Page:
Blom says he is intellectually indebted to fellow historians like Simon Schama (who among other books published a panorama of the French revolution) or Tony Judt (best known for his comprehensive account of post-WWII Europe). Like them, he writes in English (he translated the present book into German himself), which may have contributed to the utter readability of The Vertigo Years: The Anglo-Saxon art of making complex issues accessible is a blessing, and we are the beneficiaries.

Take Vienna for example: There have been many portrayals of the city in its most important period. Some are very specific and deal only with art, or with psychoanalysis, or with the vanguard of philosophy. Others are more atmospheric, nostalgic or thoroughly condemning. But rarely, if ever, has a historiographer taken all the facets that made up the fin de siècle capital and woven them into a European panorama of this magnitude. Beyond the well-known names (Freud, Wittgenstein et al.) we encounter many others who influenced the way the era looked at itself. We see who, like Bertha von Suttner, was disappointed by the political developments and who profited from them. We not only witness why racist theories thrived particularly in the Hapsburg capital but how they related to other movements in town or on the continent, such as the many eugenic societies and the in-fighting Nietzscheans.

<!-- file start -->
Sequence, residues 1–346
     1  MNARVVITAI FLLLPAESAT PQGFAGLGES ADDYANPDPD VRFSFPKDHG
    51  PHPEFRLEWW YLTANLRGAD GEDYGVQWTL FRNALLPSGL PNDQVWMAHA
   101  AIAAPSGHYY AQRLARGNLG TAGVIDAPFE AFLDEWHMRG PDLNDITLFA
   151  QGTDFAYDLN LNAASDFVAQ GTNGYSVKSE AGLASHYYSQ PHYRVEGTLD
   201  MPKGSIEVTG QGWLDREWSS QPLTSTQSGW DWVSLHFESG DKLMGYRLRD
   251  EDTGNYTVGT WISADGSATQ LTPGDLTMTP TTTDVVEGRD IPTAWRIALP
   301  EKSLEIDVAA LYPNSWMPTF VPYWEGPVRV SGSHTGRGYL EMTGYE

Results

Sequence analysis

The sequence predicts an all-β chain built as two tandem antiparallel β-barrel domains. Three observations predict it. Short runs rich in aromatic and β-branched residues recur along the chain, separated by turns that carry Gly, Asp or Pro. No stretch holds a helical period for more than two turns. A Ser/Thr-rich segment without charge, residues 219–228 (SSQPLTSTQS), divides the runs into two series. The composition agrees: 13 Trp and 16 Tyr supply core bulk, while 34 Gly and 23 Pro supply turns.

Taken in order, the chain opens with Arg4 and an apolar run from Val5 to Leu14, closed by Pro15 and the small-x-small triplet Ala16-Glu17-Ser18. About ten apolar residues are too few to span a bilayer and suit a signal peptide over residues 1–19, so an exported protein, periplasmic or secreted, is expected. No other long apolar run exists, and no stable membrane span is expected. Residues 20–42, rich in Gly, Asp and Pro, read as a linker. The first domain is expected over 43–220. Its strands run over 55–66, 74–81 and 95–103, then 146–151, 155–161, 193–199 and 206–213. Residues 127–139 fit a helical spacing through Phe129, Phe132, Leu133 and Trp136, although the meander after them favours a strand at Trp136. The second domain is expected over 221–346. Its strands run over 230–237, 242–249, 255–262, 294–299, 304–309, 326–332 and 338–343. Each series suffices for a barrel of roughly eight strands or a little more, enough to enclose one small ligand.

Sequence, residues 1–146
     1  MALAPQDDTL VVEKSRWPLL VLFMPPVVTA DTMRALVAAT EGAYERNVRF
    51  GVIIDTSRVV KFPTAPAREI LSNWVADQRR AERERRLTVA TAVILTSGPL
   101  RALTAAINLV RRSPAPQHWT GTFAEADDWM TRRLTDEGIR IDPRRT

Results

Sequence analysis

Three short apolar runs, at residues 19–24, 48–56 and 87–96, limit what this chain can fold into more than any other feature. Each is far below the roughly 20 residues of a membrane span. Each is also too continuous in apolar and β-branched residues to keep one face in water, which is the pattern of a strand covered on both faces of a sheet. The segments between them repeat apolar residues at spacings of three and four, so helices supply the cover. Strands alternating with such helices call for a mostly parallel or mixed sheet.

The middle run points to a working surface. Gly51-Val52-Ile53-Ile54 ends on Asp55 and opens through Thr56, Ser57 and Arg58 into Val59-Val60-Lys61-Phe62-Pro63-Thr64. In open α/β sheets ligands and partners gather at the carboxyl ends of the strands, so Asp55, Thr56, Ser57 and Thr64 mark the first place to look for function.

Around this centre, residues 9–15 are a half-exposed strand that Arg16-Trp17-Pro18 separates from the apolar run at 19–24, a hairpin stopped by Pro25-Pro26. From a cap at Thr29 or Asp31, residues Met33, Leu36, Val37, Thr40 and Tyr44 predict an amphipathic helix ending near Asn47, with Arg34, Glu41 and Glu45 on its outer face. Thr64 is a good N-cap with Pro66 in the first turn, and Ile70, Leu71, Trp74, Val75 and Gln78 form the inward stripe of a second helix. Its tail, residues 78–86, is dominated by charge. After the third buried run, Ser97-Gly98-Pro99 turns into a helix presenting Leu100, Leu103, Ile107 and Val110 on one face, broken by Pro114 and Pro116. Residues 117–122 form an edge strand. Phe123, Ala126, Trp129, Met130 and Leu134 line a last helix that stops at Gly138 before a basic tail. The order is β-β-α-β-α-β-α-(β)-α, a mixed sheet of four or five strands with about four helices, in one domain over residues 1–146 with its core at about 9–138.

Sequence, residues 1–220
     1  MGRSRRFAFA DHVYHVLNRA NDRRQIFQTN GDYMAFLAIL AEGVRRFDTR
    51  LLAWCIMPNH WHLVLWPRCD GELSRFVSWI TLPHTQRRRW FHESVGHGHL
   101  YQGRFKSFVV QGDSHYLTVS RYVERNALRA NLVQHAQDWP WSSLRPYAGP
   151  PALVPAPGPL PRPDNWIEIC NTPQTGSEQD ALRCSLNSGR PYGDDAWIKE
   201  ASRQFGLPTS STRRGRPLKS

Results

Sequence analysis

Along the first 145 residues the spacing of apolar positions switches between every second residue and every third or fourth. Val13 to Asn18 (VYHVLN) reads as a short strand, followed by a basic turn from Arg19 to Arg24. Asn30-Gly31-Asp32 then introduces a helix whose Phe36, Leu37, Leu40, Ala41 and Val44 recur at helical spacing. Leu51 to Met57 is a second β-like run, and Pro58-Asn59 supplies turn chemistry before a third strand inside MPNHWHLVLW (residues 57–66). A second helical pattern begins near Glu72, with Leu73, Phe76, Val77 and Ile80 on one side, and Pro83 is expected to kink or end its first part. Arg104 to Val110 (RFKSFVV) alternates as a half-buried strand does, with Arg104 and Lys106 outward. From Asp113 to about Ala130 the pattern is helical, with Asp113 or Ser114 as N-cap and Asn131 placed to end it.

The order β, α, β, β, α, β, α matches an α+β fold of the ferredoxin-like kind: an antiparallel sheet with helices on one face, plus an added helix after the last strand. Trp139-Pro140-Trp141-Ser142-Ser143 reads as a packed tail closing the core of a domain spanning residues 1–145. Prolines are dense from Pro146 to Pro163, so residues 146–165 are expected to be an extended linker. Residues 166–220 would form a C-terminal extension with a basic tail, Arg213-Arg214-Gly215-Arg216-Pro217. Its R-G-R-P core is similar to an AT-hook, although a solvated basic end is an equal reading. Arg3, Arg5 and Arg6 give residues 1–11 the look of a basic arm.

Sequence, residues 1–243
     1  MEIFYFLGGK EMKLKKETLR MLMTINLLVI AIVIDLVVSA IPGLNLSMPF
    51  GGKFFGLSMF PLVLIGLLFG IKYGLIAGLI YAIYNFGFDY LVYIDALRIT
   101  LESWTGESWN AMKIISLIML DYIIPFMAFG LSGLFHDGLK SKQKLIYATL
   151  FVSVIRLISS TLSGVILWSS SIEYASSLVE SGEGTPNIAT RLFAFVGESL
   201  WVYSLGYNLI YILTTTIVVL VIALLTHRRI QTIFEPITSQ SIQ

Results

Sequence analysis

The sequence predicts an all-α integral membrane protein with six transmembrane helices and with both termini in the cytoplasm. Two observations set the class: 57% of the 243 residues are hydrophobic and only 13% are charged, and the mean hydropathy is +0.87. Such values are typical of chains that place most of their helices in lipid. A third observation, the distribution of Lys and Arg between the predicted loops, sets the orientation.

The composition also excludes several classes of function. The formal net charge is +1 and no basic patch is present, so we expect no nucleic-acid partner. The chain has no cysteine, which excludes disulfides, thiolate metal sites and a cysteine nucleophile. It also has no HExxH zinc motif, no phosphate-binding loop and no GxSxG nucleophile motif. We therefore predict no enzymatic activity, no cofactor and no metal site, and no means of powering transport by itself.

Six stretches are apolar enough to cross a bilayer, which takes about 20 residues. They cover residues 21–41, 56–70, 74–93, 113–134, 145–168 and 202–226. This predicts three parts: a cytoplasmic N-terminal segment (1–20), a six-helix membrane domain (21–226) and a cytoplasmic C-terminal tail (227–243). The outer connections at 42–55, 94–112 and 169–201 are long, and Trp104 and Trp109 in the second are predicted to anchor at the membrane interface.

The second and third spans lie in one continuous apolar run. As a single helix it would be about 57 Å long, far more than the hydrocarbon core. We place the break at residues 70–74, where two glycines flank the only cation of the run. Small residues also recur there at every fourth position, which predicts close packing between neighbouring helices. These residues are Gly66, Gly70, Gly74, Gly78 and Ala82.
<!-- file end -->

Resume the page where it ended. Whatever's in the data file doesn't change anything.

By the same token, we also learn how incidental and initially unimportant the finale of those years was perceived. In one of the finest twists of the book, Blom, who called each chapter by a year and a title, writes of “1914: A political murder.” But it is not the assassination of Franz Ferdinand. Instead, it is about the wife of the French finance minister who killed the editor-in-chief of Le Figaro. The background of the crime is a tale that Blom could not have invented any better, a mixture of a sleazy affair and the consequences of the German Kanonenboot politics vis-à-vis the French and the British – macho games and moral double standards, a perfect illustration of what the book is (also) about. The French followed the story with a passion. The shot in Sarajevo, fired at the same time, was hardly heard….

Historians rarely look at the past for its own sake. Blom, despite his experiment to ignore post-1914 events, implicitly invites us to draw parallels to the present. The nervousness, the acceleration of everyday rhythm, the race towards world domination – of a political or economic nature – accompanied by growing insecurity and fear: Doesn’t all this ring a bell? We have already witnessed events with potentially cataclysmic consequences. 9/11 comes to mind, the bloody confrontations in the Middle East, in Afghanistan, Pakistan and elsewhere, even Sarajevo again with its murderous siege in the 1990s.

Behind these and many more examples of an Armageddon (barely) avoided lies the fundamental and scary assumption of Blom’s book: We may plan for the future, “make sure,” devise scientific scenarios, calculate all possibilities. But we do not know.


The Vertigo Years by Philipp BlomThe Vertigo Years,

By Philipp Blom,

Weidenfeld & Nicholson,

London 2008

Available at:

Shakespeare & Company Booksellers

1., Sterngasse 6

(01) 535 5053


In German:

Der taumelnde Kontinent 

Carl Hanser Verlag

München 2009

Available in all major bookstores


See also: Dining With That Wicked Company